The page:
-In turn, each barony has many villages with between 100 and 1000 residents. (Assume about 500. This is a bit high historically speaking but you can adjust it on the fly). Therefore each barony has about 40 knights and petty nobles who run manors and villages. So now we have a choice to make: how many villages are manors and how many have no lords. Arbitrarily I'll say it's a 50/50 split (I have no idea in RL). If this isn't a medieval European society, I have no information for you.
-So here's the exiting part! Assume a county population of 300k. If so there will be about 15 baron-households and 300 knight-households. If we're talking a European-like country where being a knight is a big deal, this tells us a lot about the military capabilities of said county—how many knights it can raise (300 knights +100 non-heads of households who are knights, and +100 similarly equipped and mounted mercenaries), etc. In a D&D-pattern world where realism is out the window it's unclear. I'll proceed using my own setting assumptions. Just be aware that they won't square with D&D's.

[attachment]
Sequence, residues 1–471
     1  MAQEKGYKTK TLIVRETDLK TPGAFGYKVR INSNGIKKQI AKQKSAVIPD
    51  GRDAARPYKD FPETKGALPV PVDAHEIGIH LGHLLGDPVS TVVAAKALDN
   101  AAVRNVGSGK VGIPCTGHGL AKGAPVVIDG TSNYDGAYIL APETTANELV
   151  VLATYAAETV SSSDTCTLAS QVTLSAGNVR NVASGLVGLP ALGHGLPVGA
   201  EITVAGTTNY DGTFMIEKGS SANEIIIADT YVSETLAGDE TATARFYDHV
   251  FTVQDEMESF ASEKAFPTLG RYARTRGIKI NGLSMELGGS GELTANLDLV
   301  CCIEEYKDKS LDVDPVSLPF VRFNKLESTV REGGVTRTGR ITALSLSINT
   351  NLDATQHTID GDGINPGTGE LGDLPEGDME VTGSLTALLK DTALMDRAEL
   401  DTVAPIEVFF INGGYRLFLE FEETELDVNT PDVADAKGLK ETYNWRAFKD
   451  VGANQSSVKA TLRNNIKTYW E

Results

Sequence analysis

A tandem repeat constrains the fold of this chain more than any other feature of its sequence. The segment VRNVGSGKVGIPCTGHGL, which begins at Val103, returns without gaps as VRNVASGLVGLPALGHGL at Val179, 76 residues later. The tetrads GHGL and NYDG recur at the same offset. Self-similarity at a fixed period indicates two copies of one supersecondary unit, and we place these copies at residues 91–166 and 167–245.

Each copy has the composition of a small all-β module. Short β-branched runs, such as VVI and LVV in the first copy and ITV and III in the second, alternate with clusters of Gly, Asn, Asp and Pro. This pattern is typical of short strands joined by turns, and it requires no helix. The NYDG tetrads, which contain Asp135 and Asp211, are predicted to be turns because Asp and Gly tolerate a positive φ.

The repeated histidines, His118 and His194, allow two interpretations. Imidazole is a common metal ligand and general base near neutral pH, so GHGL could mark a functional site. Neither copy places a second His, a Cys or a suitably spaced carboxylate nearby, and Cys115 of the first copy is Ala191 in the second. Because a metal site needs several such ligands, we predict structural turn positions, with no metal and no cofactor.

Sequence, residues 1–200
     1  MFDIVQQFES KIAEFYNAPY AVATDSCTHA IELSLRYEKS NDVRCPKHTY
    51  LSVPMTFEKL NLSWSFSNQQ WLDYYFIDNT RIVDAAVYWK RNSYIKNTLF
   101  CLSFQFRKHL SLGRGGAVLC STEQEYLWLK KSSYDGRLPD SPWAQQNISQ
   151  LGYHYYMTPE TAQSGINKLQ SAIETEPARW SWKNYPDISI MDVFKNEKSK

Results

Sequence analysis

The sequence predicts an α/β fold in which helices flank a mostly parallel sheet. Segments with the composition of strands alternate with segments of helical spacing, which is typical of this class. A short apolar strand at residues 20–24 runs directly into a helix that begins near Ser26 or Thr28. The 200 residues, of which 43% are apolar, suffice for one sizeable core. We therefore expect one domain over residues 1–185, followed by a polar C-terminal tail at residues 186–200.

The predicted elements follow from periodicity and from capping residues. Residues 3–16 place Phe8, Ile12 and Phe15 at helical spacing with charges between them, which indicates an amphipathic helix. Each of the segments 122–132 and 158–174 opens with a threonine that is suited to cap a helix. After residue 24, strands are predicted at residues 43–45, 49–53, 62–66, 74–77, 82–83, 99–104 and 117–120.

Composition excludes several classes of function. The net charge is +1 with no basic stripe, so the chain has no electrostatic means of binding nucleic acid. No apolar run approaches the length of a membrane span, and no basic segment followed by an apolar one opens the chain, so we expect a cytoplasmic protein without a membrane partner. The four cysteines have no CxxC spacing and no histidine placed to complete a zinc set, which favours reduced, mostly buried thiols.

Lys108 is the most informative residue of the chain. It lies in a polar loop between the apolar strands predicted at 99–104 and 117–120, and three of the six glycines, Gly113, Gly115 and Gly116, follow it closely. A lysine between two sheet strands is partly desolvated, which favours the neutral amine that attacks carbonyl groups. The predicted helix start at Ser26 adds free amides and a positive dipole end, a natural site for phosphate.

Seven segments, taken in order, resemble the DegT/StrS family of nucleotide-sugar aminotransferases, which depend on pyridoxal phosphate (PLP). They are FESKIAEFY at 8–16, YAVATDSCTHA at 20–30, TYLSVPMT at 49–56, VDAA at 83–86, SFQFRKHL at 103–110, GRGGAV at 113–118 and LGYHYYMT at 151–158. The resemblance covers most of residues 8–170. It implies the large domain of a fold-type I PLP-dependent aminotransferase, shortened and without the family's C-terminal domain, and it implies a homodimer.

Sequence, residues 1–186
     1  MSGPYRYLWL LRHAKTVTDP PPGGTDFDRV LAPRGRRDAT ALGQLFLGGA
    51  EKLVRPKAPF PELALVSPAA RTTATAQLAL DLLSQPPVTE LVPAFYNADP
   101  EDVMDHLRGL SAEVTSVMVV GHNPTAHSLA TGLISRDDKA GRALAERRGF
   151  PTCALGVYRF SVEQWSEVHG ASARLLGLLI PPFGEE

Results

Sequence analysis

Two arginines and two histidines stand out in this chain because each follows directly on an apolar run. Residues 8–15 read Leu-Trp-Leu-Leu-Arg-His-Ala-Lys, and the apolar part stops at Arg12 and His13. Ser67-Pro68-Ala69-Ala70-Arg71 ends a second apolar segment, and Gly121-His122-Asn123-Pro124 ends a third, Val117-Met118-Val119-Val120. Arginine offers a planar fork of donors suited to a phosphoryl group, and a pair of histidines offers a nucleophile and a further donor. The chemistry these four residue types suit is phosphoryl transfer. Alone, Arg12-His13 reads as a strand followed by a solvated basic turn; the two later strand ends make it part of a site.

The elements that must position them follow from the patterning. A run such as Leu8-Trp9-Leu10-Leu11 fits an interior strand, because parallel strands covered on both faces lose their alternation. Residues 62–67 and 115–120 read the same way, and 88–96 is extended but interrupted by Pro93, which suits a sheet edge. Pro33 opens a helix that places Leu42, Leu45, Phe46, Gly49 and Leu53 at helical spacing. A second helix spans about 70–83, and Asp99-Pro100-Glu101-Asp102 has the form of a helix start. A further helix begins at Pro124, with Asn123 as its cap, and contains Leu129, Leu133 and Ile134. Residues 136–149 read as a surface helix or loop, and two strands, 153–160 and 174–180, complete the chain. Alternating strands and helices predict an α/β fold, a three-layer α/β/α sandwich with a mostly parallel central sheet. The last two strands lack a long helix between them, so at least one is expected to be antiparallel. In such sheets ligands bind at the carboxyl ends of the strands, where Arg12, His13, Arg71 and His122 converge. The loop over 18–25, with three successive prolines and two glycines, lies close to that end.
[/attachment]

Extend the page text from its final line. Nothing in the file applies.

-These 500 people will make up the backbone of the county's army, supplemented by infantry and peasant conscripts. If we assume that most people are too malnourished or busy farming to pick up a PC class these knights will represent a large fraction of martial PC classes. My assumptions follow:
Here comes the main D&D part: If 1 in 600 people are knights, barons, or otherwise able to serve as mounted knight
So let's say that that accounts for about 1/3 of the county's PC fighters. The table I used based on that follows (if you use all of however many classes there are in 3x these numbers are useless. Assume these classes are all there are in the world):